Friday, November 15, 2019

Zera Shimshon .... Va'Yeirah

(כי שמע אלקים אל קול הנער באשר הוא שם ( כא' יז 

For Hashem has heard the voice of the lad as he is (21:17) 

Rashi explains that although the angels were trying to have Yishma'el die in his illness on account of his future actions, namely that his descendants would torture the Jews to death (see Rashi for details). Hashem countered their claim and said that since at this point he is still righteous he is judged as he is at this point in time. 

This we find happened as well when the Jewish people left Egypt, although Hashem knew that the Jewish people would sin and worship the golden calf, Hashem did not hesitate to redeem and give the gold that would eventfully be used to create the golden calf since Hashem deals with the people based on their deeds at the present. 

The Medrash adds (Shemos Rabba 1:36) 
that although Hashem knew the Jews would sin with the golden calf, He also knew that they would proclaim ונשמע נעשה" ,We will do and we will accept", when asked if they want to accept the Torah. 

On this the Prashas Derachim writes (Derech Mitzrayim §4) that from here we see the extent of Hashem's kindness for although the Jews would do good (ונשמע נעשה (and also bad (the golden calf), nevertheless, Hashem does not hold back the good for their future actions (taking the Jews out of Egypt on account of their accepting the Torah) in face of their future sins (the golden calf).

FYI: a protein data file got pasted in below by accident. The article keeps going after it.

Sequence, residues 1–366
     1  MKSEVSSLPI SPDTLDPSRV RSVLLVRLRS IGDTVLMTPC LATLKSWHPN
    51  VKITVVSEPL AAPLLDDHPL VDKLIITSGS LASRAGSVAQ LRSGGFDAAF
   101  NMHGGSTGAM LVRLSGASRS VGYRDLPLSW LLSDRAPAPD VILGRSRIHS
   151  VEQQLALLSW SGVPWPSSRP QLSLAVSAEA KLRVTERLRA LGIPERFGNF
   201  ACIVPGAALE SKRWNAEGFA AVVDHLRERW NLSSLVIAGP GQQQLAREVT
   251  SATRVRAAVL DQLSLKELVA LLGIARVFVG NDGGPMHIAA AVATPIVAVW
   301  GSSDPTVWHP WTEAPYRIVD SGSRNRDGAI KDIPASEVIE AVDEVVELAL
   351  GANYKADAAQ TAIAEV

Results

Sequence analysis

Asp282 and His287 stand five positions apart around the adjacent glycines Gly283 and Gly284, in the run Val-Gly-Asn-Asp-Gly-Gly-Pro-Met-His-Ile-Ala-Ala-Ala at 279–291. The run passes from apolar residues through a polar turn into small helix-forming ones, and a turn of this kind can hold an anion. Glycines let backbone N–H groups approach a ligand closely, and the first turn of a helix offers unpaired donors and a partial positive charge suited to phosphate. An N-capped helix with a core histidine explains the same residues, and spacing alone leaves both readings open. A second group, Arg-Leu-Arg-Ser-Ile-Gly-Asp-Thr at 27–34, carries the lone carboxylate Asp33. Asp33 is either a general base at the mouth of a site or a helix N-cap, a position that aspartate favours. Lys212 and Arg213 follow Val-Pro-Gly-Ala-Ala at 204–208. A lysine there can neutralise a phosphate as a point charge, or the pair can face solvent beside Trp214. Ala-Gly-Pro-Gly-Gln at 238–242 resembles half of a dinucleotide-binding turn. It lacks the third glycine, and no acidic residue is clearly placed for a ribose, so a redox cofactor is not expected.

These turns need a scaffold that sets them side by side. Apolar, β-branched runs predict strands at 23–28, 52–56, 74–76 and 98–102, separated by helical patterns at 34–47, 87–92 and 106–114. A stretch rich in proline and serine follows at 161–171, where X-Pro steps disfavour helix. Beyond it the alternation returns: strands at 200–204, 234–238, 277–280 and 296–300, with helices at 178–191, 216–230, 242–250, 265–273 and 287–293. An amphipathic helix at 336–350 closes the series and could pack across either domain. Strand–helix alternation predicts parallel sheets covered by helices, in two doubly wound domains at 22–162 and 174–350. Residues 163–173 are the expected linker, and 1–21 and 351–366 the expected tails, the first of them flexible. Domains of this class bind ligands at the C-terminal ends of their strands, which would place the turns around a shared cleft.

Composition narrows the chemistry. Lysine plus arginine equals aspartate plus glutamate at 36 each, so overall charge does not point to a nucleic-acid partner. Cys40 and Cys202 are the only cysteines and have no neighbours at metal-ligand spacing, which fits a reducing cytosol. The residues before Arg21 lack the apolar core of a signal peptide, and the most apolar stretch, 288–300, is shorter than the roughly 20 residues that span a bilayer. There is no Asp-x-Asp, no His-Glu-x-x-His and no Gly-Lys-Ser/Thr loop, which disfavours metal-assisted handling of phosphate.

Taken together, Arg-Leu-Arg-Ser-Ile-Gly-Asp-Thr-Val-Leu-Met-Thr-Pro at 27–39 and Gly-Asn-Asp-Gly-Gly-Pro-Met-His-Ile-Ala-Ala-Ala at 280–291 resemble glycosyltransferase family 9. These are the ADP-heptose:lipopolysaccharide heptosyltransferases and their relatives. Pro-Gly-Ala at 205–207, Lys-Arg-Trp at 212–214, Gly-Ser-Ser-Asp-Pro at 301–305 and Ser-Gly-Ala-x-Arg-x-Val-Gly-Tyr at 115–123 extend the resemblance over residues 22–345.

The Zera Shimshon asks - 
since Hashem is entirely just, if strict justice says that a person is judged based on his present situation, and any future bad actions never affects how the person is dealt with today, why then does he take into account the future good actions? 

The Zera Shimshon explains 
that strict justice dictates that a person is dealt with according to his present actions. However, every individual has a mission in this world to rectify something that no one else can rectify. When a person accomplishes this mission it is irreversible - the rectification that he did in the higher worlds exists forever. 

In addition, once this rectification is done it brings Mashiach one step closer. 
When a person sins however, with repentance the sin can be erased as if it was never done. 

Therefore, regarding the future good that a person will do, since it is everlasting, Hashem is willing to take it into account. Whereas the bad actions are not everlasting and can be erased with teshuva, they therefore are only dealt with when they actually happen. 

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